UCSF study will test new vaginal microbicide for herpes and HIV

Nov 30, 2006

A team of researchers at UCSF is seeking young women to participate in the first US study of the safety of a new a vaginal gel designed to prevent herpes and HIV infection. If it is effective and approved by the U.S. Food and Drug Administration, the gel would be an important weapon in the fight against HIV because it would allow women to protect themselves from infection rather than relying on their partners to use condoms.

"The significance of the gel is that it potentially gives the power back to the woman to protect herself against infection," said Anna-Barbara Moscicki, MD, professor of pediatrics at UCSF and lead investigator for the study.

The gel is not a contraceptive, but a microbicide. Microbicidal gels or creams are inserted into the vagina solely to prevent the spread of HIV and other sexually transmitted diseases. There are currently no such products on the market. Women who have herpes are at increased risk of contracting HIV, so diminishing the risk of getting herpes also diminishes the risk of HIV infection.

The generic name of the gel is "3 % w/w SPL7013" (brand name VivaGel). Following this safety trial, other trials will be conducted to determine its effectiveness at fighting off herpes and HIV infection. But Moscicki said that trials in animals have found the gel to be nearly 100 percent effective and have few side effects.

"There has been an important move supported by the National Institutes of Health and World Health Organization to support the development of vaginal microbicides," said Moscicki, who also is the director of Teen Clinics in the Division of Adolescent Medicine at UCSF Children’s Hospital. "Herpes infection is the number one attributable cause of HIV infection in the United States and worldwide."

The gel is designed to prevent herpes and HIV infection through the use of a molecule called a dendrimer. Dendrimers have molecular structures that resemble the branches of a tree. The herpes and HIV molecules are "caught" in the dendrimer branches and prevented from entering and infecting human cells, Moscicki said.

To participate in the study, women must be between 18 and 24 years old, sexually active, healthy and free of any sexually transmitted disease. They cannot be pregnant or breast feeding. They must either have regular menstrual periods or not have them at all.

Moscicki said that the safety trial is important because earlier spermicidal microbicides like nonoxynol 9, which was an ingredient in a variety of contraceptive products from condoms to contraceptive creams and gels, was eventually found to increase rather than decrease HIV infection rates.

"Nonoxynol 9 was used commonly and was thought to be an extremely safe type of anti-microbial spermicide. But researchers found that it actually increased the rate of HIV infection in women. So now we realize that we must approach new microbicides a little more carefully," Moscicki said.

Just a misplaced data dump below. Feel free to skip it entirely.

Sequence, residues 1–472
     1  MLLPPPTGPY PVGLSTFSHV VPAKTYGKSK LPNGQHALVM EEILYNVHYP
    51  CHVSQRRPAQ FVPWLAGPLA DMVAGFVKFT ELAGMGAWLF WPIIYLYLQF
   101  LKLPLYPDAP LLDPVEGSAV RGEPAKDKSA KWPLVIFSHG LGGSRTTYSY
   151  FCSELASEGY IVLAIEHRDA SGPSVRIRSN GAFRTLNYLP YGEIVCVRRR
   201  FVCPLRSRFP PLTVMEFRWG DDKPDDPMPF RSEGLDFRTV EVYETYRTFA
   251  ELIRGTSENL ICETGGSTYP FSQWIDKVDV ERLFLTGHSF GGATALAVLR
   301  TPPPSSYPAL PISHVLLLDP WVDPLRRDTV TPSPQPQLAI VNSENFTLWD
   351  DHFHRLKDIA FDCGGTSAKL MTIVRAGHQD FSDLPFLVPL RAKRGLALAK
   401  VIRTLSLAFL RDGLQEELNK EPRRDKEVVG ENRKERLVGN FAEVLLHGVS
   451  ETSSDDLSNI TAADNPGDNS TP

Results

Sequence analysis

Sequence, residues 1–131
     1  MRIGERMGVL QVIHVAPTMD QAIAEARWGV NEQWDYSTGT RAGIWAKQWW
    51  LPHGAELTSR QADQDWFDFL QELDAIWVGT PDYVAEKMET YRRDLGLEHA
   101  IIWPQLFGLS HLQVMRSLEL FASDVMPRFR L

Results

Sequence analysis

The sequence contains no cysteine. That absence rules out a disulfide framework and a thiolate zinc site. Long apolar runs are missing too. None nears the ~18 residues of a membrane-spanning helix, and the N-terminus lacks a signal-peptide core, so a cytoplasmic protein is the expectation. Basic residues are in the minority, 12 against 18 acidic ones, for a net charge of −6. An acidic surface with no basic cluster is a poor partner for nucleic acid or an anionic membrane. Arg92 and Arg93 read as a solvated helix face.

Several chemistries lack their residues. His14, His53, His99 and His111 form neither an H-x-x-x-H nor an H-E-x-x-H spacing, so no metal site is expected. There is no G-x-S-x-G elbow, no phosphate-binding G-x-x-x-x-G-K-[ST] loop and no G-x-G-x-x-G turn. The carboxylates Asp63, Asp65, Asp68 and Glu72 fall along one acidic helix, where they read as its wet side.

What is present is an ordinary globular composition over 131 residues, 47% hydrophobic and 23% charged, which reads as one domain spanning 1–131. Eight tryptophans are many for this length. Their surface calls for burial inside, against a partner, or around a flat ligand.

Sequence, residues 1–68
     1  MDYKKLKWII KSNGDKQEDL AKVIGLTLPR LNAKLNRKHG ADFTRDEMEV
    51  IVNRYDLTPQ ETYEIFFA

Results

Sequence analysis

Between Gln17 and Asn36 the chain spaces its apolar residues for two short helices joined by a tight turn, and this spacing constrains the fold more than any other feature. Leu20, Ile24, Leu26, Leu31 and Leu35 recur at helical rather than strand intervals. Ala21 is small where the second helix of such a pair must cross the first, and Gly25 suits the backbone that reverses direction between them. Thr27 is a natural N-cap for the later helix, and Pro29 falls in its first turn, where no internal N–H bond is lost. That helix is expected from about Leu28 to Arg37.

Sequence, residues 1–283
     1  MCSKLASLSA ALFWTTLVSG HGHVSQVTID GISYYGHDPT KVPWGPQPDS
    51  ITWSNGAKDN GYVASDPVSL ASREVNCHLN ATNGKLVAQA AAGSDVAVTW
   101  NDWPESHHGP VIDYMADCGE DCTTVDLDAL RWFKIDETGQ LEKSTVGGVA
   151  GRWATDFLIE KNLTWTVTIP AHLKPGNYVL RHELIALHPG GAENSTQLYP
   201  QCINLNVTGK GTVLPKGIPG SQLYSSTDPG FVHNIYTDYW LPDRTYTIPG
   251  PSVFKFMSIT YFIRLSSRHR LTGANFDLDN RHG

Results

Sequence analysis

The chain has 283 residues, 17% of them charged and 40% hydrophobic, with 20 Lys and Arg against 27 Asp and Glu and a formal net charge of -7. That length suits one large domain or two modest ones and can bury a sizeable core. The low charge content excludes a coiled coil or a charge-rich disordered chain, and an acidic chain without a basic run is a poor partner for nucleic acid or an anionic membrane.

According to the U.S. Centers for Disease Control and Prevention, women account for more than one quarter of all new HIV/AIDS diagnoses. Women of color are especially affected by HIV infection and AIDS. In 2002, the most recent year for which data are available, HIV infection was the leading cause of death for African American women aged 25 to 34 years. It was the third leading cause of death for African American women aged 35 to 44 years and the fourth leading cause of death for African American women aged 45–54 years and for Hispanic women aged 35 to 44.

In the same year, HIV infection was the fifth leading cause of death among all women aged 35 to 44 and the sixth leading cause of death among all women aged 25 to 34. The only diseases causing more deaths of women were a variety of different types of cancer and heart disease.

Moscicki said that if the gel is approved by the FDA, women would use it about an hour before having intercourse. "If a woman has occasional sex it could be several times a month. If she were a sex worker it could be several times a day," she said.

The study is being conducted in collaboration with the gel’s manufacturer, Starpharma Holdings, Ltd., of Melbourne, Australia, and is being underwritten by the Sexually Transmitted Infection Clinical Trials Group, which is funded in part by NIH and CDC.

Development of the gel has been given fast-track status by the FDA. Fast track status is granted when a drug has the potential to treat a serious or life-threatening condition and demonstrates the potential to address unmet medical needs for that condition.

Source: University of California - San Francisco

Explore further: Animal study provides first evidence that gel can prevent multiple virus transmission in vagina/rectum

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